Gabo: The Creation of Gabriel Garcia Marquez11 January, 2016
“Gabo was a superior being… With Gabo’s books you just want to keep reading and reading… His charm, his special way of seeing life.”
Gabriel García Márquez, known as Gabo in the countries of Latin America, was the most important novelist of Colombia and one of the most influential intellectuals of South America. The documentary Gabo: The Creation of Gabriel Garcia Marquez offers a retrospective of his life and work, starting from his childhood, and following his development and gradual recognition as a remarkable novelist, screenwriter and journalist. The Colombian writer Juan Gabriel Vasquez, greatly inspired by García Márquez, and the biographer Gerald Martin are the main narrators in the documentary, offering their analysis and investigations on the work and personality of the great novelist. However, the narrative is also propelled by a range of interviews: members of García Márquez’s family, friends, intellectuals, and even politicians expressing their admiration for the great writer. The interviews are often combined with extracts from his novels, giving a more lyrical style to the documentary.
The opening sequence introduces us to the ‘legend’ of Gabriel García Márquez: a cheerful crowd is gathered around the approaching train to welcome the well-established writer. The first interviewees appearing in the documentary indicate the mass appeal that Gabo had, people from different social classes, races, nationalities and ages. The soft and peaceful music creates a quite dreamy sense, a suitable atmosphere for the magical world of the author.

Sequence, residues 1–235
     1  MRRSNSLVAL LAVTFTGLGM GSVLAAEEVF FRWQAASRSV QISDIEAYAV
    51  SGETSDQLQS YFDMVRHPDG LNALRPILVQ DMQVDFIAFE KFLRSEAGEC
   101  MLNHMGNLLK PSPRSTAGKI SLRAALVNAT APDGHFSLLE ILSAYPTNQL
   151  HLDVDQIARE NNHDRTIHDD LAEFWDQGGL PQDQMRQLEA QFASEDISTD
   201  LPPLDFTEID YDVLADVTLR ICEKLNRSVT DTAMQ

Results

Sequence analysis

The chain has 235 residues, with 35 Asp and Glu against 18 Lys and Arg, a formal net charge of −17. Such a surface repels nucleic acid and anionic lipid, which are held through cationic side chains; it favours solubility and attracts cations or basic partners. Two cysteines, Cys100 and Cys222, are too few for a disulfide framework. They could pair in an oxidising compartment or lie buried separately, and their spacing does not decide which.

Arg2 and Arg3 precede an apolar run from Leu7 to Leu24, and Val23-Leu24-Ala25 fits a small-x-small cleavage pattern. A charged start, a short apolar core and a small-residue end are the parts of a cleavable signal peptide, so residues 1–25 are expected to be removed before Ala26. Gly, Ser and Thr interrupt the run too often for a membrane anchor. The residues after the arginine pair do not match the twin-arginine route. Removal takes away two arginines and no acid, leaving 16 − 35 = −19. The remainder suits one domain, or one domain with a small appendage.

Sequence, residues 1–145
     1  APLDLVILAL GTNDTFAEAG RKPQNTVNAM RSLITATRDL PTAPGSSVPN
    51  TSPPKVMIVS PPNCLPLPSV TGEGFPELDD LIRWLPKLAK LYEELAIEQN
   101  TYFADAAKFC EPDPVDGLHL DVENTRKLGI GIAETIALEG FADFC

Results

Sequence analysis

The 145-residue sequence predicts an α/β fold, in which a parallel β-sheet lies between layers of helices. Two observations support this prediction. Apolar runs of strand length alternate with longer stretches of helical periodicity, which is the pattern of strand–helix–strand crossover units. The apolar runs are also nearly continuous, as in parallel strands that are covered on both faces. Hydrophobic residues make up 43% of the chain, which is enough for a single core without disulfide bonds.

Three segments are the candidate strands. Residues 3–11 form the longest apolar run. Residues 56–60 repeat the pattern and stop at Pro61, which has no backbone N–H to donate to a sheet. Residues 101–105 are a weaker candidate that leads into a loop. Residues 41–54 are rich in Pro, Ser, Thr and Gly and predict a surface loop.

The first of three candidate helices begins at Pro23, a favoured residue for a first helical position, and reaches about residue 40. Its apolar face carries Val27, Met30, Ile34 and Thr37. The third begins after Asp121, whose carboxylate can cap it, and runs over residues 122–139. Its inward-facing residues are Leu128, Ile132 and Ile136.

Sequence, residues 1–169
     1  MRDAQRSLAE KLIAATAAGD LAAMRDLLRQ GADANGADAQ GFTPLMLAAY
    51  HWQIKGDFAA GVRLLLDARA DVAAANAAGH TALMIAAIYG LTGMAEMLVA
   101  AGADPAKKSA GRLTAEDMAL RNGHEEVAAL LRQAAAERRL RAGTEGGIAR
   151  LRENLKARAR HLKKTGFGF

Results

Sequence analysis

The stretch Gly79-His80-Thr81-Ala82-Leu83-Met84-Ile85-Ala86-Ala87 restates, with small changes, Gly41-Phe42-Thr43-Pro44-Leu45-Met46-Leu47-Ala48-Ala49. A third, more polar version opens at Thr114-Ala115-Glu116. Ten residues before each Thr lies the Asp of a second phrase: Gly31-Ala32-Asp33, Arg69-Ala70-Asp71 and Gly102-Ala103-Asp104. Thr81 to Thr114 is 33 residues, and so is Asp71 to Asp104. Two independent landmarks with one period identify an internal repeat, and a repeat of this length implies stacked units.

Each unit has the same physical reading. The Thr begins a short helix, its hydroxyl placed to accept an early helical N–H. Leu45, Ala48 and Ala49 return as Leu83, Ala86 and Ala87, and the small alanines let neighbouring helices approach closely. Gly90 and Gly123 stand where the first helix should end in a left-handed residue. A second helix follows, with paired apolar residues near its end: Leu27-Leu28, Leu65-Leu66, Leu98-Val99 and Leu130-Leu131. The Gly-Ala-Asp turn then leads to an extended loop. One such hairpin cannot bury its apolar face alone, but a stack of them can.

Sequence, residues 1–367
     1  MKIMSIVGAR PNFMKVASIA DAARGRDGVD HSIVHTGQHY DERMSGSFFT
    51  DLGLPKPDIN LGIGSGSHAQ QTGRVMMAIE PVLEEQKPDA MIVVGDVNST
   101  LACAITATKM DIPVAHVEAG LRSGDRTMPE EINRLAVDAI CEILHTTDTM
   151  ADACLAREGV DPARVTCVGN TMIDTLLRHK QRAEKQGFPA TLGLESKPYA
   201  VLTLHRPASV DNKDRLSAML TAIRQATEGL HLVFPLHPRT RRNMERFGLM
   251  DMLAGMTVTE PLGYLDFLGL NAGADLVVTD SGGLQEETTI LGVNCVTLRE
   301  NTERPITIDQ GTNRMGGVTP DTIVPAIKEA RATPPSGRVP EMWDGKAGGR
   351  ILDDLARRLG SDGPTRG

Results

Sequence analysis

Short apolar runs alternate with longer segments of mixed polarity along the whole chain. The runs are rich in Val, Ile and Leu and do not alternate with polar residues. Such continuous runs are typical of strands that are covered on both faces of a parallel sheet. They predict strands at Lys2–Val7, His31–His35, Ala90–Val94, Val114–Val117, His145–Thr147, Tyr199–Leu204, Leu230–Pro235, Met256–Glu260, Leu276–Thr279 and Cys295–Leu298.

One of the most significant facts about García Márquez is that the memories of his past are present in his novels. There is a strong connection between his life and his work. Macondo, the fictional town in One Hundred Years of Solitude, is initially a metaphor for his hometown Aracataca, but gradually turns into a representation of the whole of Latin America. The feelings of loneliness and nostalgia that he experiences when he first moves to Bogotá are dominant in many of his novels. The documentary reflects this parallel journey between his life and his novels beautifully. The shots of the Latin American landscape add more to this, suggesting the connection of García Márquez with his land. The charming scenery is often combined with extracts from his work, creating an atmosphere of imagination and fairytale.
Apart from presenting his career development, the documentary describes also his involvement with the political struggles of the 1970s and 1980s, his connection with Cuba and Fidel Castro and his influence on the intellectual world towards re-approaching the Cuban regime.
The sub-title of the documentary The Creation of Gabriel García Márquez reflects exactly the intention of the director Justin Webster: to show the life of García Márquez, how this man developed into one of the best novelists worldwide and how he became inspired by the real world to create a magical realism in his novels. In other words, how Gabriel García Márquez ‘was created’. The documentary provides the audience with a sense of enthusiasm and admiration for García Márquez. Even for those who are not so familiar with his novels, the documentary will definitely inspire them to discover the work of this great man.
Gabo: The Creation of Gabriel García Márquez will be released in the UK in Spring.
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